And nothing happened, nothing changed. I got a few platitudes and apologies but not much more. And that’s because the problem is bigger than the trust that runs our local hospital and provides basic care for Kai.

Underfunding at the NHS is happening and it’s affecting my family in real and tangible ways – for the worst.

And I know. I know we’re lucky to live in a country that covers care for us, and we’re grateful for that. Except that we also live in a system where we couldn’t afford care otherwise. We couldn’t afford to pay for private care. I had to give up my (wonderfully well paid) job to care for Mikaere, and point blank, if it came to it, we couldn’t afford care for Mikaere outside the NHS.  Just to be really clear, we are not talking about luxury care for Mikaere. We’re talking the basics of what he needs to be safe and to live.

We rely on the NHS for Kai’s care, and it has a direct affect on his quality of life.

NHS underfunding is happening and it terrifies me.

On the superstitious good things

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There’s this thing about good times. When things are good, I feel like I’m holding my breath waiting for them to be not good. Like I’m waiting for the other shoe to drop. I’m told this not uncommon when parenting a child with a progressive disorder. When you’ve been on end of life and expect to be again, any good time is by nature of NKH, temporary. A nice, tiny haven where you ache to be with every fibre of your being, knowing full well you can’t live in the realm of ‘everything will be okay forever’.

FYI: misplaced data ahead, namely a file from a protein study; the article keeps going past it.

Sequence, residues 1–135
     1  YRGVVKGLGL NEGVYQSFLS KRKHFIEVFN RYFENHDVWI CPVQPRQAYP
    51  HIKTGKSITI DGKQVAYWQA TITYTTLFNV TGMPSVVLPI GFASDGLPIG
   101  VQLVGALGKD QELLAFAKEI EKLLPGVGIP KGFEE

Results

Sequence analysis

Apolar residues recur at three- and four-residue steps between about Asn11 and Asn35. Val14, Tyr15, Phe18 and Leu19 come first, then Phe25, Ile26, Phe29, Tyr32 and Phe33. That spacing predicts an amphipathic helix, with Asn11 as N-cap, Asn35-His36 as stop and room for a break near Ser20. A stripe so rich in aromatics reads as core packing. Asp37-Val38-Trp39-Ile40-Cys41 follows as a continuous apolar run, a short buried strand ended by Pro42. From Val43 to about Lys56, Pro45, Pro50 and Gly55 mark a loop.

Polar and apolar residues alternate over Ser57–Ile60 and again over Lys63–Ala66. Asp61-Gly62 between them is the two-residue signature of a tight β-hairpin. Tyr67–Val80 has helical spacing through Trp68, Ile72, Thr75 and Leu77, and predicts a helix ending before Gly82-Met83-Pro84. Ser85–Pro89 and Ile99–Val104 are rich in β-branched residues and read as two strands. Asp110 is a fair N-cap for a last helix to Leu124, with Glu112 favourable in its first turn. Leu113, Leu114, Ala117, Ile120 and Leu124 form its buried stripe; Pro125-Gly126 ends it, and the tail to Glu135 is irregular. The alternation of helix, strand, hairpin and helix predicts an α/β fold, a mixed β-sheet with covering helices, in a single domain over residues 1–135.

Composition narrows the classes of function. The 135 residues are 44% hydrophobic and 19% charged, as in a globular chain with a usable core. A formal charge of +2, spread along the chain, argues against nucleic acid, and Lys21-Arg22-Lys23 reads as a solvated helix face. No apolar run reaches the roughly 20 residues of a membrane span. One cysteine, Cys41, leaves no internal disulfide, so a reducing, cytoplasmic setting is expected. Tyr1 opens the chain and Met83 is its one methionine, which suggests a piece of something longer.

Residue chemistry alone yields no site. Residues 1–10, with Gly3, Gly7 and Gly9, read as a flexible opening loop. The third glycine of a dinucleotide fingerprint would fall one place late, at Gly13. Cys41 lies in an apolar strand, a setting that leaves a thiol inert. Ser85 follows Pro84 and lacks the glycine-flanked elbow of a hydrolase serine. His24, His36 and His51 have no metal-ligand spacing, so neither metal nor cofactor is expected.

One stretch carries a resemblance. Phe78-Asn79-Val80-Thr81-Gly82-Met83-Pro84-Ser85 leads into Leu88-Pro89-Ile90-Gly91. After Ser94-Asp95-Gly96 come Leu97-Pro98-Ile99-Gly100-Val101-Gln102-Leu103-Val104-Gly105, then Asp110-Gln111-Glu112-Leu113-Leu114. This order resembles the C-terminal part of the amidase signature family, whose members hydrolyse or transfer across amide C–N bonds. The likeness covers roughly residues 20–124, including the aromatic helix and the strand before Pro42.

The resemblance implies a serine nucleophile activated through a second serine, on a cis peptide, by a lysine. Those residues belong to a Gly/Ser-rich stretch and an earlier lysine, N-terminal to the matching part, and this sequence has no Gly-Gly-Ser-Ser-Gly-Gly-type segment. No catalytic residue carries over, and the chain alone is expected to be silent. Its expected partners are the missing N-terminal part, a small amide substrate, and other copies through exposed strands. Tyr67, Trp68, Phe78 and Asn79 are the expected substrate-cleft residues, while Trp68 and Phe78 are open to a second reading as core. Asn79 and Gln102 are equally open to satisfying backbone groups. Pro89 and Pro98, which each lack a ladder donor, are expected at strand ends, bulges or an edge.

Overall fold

So Mikaere recently enjoyed a good period. I got a bit superstitious about it and didn’t want to say anything in case it jinxed it. This makes zero logical sense and I know that Kai’s wellbeing does not hinge on whether I say he’s doing well or not. Nonetheless, there a words we don’t say unless we have to, and when we do we touch wood. (I’ve never been more superstitious in my life – when there are big, important things you can’t control you find ways to make yourself feel better about them).

So. Let me tell you a big thing. Mikaere hadn’t had a seizure since before Christmas.

Until last week.

I can’t begin to tell you how we watched him progress with no seizures. How his eyesight got better, how he started sleeping through the night, how his tone improved, how we saw more smiles and how he started vocalising more and eating better. Doing everything more and better. When his brain wasn’t fighting seizures it was developing. With new skills and new all sorts.